I have been staying at home with my husband since March 12, 2020, because of a worldwide pandemic. CORONAVIRUS, COVID-19, is a new strain of virus that has no vaccine and no cure, other than a person being able to weather the illness. It mainly affects the respiratory system; it comes with a headache, a lost sense of taste, dry cough, a fever, sometimes dangerously high and sometimes the need for a ventilator. It likes to kill people with underlying health problems or those who wait too long to get help when they are having trouble breathing. The information about it changes daily, as do the guidelines from the state governor and POTUS on how to protect ourselves. The main thought is to stay home and stop the spread. The television coverage has every person looking cross-eyed at anyone who coughs or sneezes near them, even at home. We are all washing our hands more often than we ever have because the virus is spread from germs on the hand to mucous membranes on the head.
I am not a paranoid person. I pretty much take what comes my way with little emotion. I am blessed with common sense and don’t take unnecessary risks with my health, except for liking to eat too much. I do get disgusted with the people in charge that talk double-talk and don’t stick to the facts, or change them to suit their political agendas. New York State is now four weeks into a statewide “pause” of life and the economy. I worry about the very large negative ripple effect on people’s livelihoods, families, businesses, schools, and even the state’s finances. The situation is creating an instantaneous economic crisis along with the health crisis.
Last year about this same calendar date the Rochester Veterans Writing Group which I belong to decided to put some of their memoir stories together and print them in a book. I know I didn’t know how much work was involved, but that’s another story. Today I had the privilege of driving to seven different personal addresses to drop off a proof book. At five addresses I left the book, in a bag, on a doorstep. At two places I got to talk to a friend and hand over the book in person.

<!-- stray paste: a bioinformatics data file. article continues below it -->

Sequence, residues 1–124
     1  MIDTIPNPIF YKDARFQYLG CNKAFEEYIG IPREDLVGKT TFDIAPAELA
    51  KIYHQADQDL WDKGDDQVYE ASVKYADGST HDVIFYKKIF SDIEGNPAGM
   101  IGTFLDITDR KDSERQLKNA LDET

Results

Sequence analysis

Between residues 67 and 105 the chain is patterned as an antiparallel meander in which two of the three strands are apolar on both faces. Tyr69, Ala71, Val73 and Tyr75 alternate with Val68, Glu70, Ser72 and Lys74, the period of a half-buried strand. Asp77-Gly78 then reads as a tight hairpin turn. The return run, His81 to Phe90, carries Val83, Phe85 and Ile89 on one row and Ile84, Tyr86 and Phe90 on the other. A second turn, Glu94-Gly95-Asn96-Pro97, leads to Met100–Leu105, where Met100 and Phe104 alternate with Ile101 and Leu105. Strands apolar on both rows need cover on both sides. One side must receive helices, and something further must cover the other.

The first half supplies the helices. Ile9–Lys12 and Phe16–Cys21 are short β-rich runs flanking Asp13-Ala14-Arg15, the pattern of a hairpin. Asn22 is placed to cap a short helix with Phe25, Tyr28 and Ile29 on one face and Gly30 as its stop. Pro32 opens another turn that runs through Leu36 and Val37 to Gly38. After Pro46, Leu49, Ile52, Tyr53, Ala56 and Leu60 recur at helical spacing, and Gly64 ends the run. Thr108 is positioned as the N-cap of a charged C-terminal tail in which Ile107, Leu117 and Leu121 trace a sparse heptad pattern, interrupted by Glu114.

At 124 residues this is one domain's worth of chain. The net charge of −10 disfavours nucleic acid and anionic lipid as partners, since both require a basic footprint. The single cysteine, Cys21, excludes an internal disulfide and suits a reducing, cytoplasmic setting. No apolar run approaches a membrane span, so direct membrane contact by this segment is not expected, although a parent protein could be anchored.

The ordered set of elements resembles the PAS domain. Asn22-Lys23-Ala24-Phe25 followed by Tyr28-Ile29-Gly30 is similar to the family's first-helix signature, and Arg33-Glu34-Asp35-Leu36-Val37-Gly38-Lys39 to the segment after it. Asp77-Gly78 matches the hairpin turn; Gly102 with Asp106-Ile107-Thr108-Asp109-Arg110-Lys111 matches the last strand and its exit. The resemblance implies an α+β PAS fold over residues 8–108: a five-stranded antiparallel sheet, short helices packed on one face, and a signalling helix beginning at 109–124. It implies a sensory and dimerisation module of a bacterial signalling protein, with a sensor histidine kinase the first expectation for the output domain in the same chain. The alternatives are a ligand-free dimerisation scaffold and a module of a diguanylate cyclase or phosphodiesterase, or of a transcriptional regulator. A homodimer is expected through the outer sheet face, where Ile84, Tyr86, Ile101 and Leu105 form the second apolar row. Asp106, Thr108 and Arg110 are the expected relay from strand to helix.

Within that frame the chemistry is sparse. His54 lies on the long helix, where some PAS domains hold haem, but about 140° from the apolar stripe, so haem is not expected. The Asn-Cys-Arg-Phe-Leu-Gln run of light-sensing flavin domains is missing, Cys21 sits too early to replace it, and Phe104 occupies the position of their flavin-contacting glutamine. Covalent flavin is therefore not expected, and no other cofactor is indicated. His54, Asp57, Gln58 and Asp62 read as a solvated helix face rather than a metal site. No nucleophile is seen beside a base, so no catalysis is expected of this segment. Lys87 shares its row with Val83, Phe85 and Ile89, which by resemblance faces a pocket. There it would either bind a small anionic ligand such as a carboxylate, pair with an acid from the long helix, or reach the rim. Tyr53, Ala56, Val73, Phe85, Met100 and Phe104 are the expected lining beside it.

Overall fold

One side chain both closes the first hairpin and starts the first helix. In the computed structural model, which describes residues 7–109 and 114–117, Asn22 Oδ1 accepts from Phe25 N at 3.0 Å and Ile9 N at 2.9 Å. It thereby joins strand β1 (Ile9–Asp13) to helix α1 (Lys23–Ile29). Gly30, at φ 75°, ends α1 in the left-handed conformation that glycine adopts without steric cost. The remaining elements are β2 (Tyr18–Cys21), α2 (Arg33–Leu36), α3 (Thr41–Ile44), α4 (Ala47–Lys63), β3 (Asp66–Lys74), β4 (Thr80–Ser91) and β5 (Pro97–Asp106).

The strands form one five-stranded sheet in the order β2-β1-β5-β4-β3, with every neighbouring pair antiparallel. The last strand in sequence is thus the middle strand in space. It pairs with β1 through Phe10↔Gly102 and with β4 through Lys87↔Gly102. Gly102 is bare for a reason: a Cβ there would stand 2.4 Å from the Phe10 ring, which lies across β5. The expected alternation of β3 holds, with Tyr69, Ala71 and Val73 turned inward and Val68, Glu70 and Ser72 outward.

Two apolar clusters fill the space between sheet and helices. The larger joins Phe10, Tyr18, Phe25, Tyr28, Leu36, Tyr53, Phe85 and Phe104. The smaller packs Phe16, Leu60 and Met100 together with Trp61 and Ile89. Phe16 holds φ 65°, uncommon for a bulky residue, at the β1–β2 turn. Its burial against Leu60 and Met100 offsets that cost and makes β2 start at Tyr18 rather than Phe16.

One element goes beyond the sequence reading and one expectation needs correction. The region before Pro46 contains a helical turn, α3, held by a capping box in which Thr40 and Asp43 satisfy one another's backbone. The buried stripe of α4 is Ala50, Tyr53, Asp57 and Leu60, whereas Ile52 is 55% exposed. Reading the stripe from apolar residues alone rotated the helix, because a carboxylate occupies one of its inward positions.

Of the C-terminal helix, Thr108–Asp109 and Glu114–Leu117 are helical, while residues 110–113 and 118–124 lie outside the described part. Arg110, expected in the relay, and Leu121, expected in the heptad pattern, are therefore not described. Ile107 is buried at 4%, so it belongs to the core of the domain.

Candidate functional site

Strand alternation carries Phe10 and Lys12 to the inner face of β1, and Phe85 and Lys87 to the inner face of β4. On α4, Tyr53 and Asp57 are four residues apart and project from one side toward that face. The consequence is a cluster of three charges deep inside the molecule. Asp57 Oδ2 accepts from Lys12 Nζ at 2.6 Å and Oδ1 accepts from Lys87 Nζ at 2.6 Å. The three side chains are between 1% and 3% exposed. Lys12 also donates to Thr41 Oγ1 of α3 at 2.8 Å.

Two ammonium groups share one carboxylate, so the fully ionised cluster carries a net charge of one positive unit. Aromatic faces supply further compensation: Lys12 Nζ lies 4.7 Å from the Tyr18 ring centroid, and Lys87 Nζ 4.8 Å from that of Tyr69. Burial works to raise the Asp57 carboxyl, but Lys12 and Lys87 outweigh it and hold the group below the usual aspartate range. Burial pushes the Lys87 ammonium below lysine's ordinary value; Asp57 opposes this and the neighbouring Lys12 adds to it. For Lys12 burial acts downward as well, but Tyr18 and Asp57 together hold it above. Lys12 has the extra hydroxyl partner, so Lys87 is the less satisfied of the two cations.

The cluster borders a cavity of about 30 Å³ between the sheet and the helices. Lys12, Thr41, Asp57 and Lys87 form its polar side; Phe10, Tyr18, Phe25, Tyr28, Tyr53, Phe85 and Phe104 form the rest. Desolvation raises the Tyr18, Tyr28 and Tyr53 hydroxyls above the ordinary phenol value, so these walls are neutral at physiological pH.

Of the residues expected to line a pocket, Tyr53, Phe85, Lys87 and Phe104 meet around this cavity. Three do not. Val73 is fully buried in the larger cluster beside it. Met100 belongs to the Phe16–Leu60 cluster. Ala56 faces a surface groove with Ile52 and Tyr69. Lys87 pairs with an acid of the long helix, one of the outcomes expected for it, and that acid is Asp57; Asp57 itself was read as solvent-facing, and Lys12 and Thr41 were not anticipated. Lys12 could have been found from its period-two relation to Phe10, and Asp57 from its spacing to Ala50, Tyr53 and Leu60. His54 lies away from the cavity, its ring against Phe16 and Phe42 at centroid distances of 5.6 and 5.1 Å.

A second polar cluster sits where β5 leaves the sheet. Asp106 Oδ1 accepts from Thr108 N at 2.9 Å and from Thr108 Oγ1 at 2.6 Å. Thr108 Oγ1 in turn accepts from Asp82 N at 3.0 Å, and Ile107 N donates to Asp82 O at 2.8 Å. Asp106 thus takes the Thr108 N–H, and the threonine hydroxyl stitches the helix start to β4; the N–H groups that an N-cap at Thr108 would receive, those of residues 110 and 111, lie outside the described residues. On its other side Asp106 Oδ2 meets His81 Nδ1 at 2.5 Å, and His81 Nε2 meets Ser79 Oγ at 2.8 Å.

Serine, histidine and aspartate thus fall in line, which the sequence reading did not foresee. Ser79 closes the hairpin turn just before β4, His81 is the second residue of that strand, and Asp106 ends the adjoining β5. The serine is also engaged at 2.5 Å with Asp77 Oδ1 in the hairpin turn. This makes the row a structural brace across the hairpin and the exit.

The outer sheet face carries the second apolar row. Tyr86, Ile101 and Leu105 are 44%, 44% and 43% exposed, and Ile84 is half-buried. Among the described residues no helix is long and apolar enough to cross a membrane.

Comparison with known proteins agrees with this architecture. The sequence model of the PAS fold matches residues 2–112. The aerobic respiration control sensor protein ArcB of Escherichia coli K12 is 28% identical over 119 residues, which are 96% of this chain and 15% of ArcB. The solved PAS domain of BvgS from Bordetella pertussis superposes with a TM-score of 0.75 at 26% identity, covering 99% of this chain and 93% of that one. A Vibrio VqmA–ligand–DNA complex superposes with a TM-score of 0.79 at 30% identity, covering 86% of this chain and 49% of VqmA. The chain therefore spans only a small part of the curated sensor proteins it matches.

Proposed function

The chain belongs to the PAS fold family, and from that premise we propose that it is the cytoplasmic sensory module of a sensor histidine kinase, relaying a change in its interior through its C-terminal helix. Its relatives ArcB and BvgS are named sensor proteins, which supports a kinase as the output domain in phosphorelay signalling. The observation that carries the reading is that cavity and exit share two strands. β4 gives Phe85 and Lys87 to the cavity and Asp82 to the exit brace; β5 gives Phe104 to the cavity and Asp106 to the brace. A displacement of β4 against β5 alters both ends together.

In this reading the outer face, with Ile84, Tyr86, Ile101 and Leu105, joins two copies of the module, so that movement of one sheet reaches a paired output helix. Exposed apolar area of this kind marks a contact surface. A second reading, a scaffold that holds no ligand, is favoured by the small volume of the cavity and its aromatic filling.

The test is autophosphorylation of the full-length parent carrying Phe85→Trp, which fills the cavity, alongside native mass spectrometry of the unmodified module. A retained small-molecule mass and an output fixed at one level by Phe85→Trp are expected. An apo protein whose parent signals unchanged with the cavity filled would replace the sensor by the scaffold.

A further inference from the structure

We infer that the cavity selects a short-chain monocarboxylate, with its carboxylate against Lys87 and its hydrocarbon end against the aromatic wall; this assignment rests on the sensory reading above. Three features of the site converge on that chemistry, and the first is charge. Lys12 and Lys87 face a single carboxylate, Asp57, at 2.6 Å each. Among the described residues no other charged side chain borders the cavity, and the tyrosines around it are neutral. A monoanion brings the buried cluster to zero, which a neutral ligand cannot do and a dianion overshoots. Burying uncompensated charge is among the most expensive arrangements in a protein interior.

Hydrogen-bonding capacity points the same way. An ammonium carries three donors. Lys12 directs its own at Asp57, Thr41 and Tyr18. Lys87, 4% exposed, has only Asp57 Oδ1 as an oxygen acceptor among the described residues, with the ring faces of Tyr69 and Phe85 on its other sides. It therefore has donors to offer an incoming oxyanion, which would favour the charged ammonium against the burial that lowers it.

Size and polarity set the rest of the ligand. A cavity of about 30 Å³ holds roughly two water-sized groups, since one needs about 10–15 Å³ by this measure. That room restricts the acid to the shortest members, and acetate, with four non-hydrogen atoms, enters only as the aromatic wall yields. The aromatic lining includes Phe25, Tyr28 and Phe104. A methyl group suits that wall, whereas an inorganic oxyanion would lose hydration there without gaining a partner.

As a retiree with a lot of hobbies, staying home for a month with the occasional trip to the grocery store or drive to pick up take-out dinner has not been an imposition. I will admit, the first week my internal resident child wanted to go out just because I had been told to stay home, but that passed. Today’s ride gave me a purpose and it felt wonderful. My trip took me from the southeast corner of Monroe County to the northeast corner, and then to the southwest corner. What was it like out there I was asked? The first difference in driving was being able to turn from my side street onto a normally busy main drag without waiting for a line of cars coming both ways. In fact, there were no cars in sight. The traffic on the expressway was sparse like a Sunday morning at a time of day it should have been busy. There were a few drivers that knew the police have stopped pulling vehicles over for infractions just so they don’t have to speak to anyone in close contact; thus the speeders were evident. I don’t know why anyone was hurrying, everything is closed from libraries to schools to shopping malls and bars. Restaurants are only allowed to prepare take-out orders. Some retail stores are doing curbside pickup sales so they can have a smidgen of income. And all pro-sports have been canceled so no crowds assemble including golf on those beautiful expansive courses, for the sake of the galleries.
It was very strange to drive past a school on a Wednesday and see the parking lot empty. I didn’t see children playing outside either. I did see people walking their dogs or jogging. When I stopped at an apartment complex the parking lots were jammed because people are working from home or laid off.
At 12 Corners, a very busy set of three roads intersecting in Brighton, I sat at a traffic light wondering why the color didn’t change because it seemed the wait was excessively long. Then I thought to how it usually is, so congested one might not make it through the light on the first try. The sparse traffic worked to my advantage, I was in the wrong lane and didn’t have trouble moving over to turn left. Driving past my grandson’s school made me sad because the sports fields were empty, and I haven’t spent time with him in a month.
The visual of empty parking lots and little movement existed no matter where I drove. The kicker was driving past the airport where the parking lot is usually packed and one can see at least one airplane descending or taking off. It was so quiet it made me more aware that most places on the earth are shut down. I know because the members of my international writing group are writing about the same fears I have and writing about trying to keep themselves busy at home and do homeschooling with little input.
The exceptions were hospitals, Wal-Mart and Wegmans’ parking lots. The contrast to those bustling made the quiet ones eerier.
Luckily we have great technology so we can have meetings via computer screens and we can hear each other’s voices and see faces. Let’s hope the power doesn’t go out. At this point, whoever controls the electricity controls the world. Now that’s a scary thought.